Wine tourism has been on vogue for some years now and is expected to remain fashionable for a long time. Wine has something special about it that is attracting more and more people every year. Most world-class wineries in Spain are open to visitors, offering luxury beauty treatments and 5-star stays. This is a business that involves much more than grapes, and where you can even participate in the wine harvest. For free, of course. There are also museums where you can learn the best of wine culture without having to bend down to pick grapes.
These museums, where you will be able to enjoy a free wine tasting at the end of your visit, are less tiring than grape harvesting, but also less relaxing than a bath or massage with wine therapy based on red wine. Polyphenol and resveratrol aside, wine lovers cannot miss more than 8,000 years of wine history and culture, declared World Heritage by UNESCO. In Spain, there are so many wine museums and all of them are so interesting, that they even formed an association. Here you can find some of the most interesting Spanish wine museums for your next vacation:
Museo del Vino (Briones, La Rioja):
Wine as a key element to civilization. Over 4,000 square meters of permanent and temporary exhibitions focusing on the relationship between man and wine during its 8,000 years of history. Its highlight is the Jardín de Baco, a collection of more than 200 varieties of vine brought from around the world, including those used in DO Rioja winemaking.
Museo del Vino (Malaga):
Smaller than the previous one but also really interesting. Visit the eighteenth-century Palace of Biedma and discover old labels, signs, advertisements and more in order to understand the origin of this winery in the nineteenth century. In addition, get to know the DO Malaga (sweet) and DO Sierra de Malaga (white and rosé) with this complete tour. Virtual tours and tastings are offered.
Museo del Vino de Valdepeñas (Valdepeñas, Ciudad Real):
La Mancha has the world’s greatest vineyards and here you can also find one of the most comprehensive wine museums in Spain. In the old Leocadio Morales wine cellar, visitors will find everything that has to do with wine: from learning about harvest processes with different farming tools to an extensive collection of carts. You will even find a wine bar featuring the best wines in the area, and you will also be able to see transfer pumps, presses, an interactive lab… A highly recommended experience!
CIAVIN Interpretation Center of Wine Architecture (Aranda de Duero, Burgos):
This town has always had a great relationship with wine as evidenced by its architecture. Here you will find more than 7 km of old underground galleries where wine was stored during the Middle Ages. In Las Animas winery, for example, they still recreate wine activities. CIAVIN also gathers extensive information about the history and origin of one of the most appreciated Designations of Origin in Spain, DO Ribera del Duero.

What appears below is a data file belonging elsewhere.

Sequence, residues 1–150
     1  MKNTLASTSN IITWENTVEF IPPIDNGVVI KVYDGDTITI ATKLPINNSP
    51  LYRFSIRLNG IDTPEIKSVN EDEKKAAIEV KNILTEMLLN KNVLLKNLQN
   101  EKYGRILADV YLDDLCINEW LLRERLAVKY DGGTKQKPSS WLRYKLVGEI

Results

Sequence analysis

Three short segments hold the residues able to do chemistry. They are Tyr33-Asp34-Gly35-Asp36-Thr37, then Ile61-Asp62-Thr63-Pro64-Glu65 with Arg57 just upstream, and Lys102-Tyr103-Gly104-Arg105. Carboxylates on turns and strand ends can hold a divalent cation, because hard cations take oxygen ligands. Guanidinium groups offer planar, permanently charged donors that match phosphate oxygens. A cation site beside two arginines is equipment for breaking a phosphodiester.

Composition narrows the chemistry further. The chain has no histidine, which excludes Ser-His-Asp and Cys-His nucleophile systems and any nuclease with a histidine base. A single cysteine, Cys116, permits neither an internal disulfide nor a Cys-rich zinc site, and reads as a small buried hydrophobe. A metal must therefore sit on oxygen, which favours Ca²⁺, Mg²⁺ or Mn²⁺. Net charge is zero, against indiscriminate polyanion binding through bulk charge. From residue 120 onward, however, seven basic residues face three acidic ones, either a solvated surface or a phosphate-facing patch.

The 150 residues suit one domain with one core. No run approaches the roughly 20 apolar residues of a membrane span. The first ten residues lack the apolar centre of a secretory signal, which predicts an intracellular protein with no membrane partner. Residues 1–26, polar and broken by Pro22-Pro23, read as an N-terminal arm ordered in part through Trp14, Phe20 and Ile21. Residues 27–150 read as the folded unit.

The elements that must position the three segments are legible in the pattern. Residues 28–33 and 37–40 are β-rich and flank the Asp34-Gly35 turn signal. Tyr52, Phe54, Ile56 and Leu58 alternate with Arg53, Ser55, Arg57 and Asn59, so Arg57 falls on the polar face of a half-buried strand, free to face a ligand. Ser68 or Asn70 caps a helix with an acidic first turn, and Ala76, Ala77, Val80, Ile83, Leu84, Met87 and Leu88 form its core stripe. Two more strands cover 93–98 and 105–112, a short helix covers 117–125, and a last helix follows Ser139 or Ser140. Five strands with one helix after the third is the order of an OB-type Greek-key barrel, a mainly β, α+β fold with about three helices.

Museo de la Manzanilla (Sanlucar de Barrameda, Cadiz):
Also known as Museo Barbadillo, it is a tribute to this family and their important cultural heritage explained through the history and evolution of the Manzanilla wine. Its permanent collection is complemented by a temporary exhibition: discover the work of German pop cubism artist Uta Geub, strongly inspired by bullfighting, flamenco and Manzanilla wine. At the end you will be able to enjoy some wine tasting. Don’t miss it!
Museo de Peñafiel (Castle of Peñafiel, Valladolid:
We come back to the DO Ribera del Duero. This time, however, we visit Valladolid’s Provincial Museum of Wine, hosted in the stunning ninth-century Castle of Peñafiel. Here you will also get to know the DO Tierra de León, DO Cigales, DO Toro, DO Rueda and Vinos de Castilla y Leon. Learn about the different wine production styles and find out their similarities. An inspiring landmark not to be missed!
VINSEUM (Villafranca del Penedés, Barcelona):
Villafranca is also a great wine tourism destination and the town that houses the Museum of Wine Culture of Catalonia, the oldest of them all (1943). It is not only an exhibition space but it also tries to stay active by organizing festivals, activities for children, screenings, and all you can think about that has to do with the region’s wines and cavas.
In Spain you can also find some wineries that are almost as extensive and informative as real museums. One of those is Bodegas Tradicion (Jerez de La Frontera , Cadiz), with over 350 years of history and walls that hold artworks by Velazquez, Goya, or Picasso. Bodegas Gonzalez Byass are also very popular in Jerez. The home town of Tio Pepe is the third most visited place in Andalusia, right after the Alhambra in Granada and the Mosque of Cordoba… and it even has a quaint sightseeing train for visitors! The wineries of Bodegas López de Heredia (Haro, La Rioja), Marqués de Riscal (Elciego, Álava) or Portía (Gumiel de Izán, Burgos) are also worth a visit.